The preeminent altoist associated with the ""cool"" school of jazz, Lee Konitz was one of the few saxophonists of his generation to forge a unique sound independent of the influence of Charlie Parker. In the late 40s, Konitz began his career with the Claude Thornhill band, during which time he came into contact with Miles Davis, with whom he would later work on the legendary Birth of the Cool sessions. Konitz is perhaps best known through his association with Lennie Tristano, under whose influence much of his sound evolved, and for his work with Stan Kenton and Warne Marsh. His recordings have ranged from cool bop to experimental improvisation, and have appeared on such labels as Prestige, Atlantic, Verve, and Polydor. Crafted out of numerous interviews between the author and his subject, the book offers a unique look at the story of Lee Konitz's life and music, detailing Konitz's own insights into his musical education and his experiences with such figures as Miles Davis, Stan Kenton, Warne Marsh, Lennie Tristano, Charles Mingus, Bud Powell, and Bill Evans.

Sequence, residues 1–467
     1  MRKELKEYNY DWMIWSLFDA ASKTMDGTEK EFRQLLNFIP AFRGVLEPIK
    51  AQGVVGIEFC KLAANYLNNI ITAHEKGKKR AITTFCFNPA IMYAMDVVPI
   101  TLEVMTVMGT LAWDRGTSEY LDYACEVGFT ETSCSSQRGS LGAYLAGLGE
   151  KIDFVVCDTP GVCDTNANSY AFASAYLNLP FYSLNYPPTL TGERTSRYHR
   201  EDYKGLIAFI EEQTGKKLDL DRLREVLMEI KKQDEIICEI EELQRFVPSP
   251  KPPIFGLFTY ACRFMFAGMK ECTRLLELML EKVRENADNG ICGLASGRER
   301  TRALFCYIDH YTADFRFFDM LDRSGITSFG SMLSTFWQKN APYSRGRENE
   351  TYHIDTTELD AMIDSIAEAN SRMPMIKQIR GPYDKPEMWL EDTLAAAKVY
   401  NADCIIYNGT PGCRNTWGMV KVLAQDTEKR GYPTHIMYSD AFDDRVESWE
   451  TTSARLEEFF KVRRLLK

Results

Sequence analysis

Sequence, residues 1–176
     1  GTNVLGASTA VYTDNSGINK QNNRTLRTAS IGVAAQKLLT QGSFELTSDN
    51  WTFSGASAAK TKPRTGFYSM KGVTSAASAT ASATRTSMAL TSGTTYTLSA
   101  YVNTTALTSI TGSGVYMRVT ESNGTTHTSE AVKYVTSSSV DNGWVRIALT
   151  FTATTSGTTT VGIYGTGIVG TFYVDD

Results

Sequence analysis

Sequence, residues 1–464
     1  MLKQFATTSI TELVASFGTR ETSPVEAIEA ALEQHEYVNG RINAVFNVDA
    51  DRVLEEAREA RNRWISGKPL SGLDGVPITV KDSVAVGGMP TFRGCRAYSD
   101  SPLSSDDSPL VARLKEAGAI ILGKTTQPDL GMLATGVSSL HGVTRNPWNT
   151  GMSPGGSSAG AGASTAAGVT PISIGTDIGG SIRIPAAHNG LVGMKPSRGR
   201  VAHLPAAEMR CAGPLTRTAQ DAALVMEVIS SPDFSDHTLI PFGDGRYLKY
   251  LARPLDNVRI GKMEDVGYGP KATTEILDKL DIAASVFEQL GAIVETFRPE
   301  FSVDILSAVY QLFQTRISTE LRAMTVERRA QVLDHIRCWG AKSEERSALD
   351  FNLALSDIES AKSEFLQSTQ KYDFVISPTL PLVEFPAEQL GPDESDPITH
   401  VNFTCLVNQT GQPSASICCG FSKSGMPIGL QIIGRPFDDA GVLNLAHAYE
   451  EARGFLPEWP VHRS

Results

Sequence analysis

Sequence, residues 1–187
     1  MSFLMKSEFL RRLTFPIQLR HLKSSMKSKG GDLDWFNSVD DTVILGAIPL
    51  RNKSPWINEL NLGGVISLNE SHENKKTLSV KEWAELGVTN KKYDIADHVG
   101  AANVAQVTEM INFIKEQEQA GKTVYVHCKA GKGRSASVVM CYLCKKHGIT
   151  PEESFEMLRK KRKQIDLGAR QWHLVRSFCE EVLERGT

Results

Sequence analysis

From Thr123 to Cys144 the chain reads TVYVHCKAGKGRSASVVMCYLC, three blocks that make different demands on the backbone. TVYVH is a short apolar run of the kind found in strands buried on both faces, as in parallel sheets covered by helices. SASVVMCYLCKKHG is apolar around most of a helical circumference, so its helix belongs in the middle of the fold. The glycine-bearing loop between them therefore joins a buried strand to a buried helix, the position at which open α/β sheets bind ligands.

Andy Hamilton is a Lecturer in the Department of Philosophy at Durham University, and a frequent contributor to jazz magazines both in the US and abroad. This project originally grew out of interviews with Konitz for The Wire and Jazz Review. Hamilton is also at work on a book on music and aesthetics, and is an amateur jazz pianist and singer.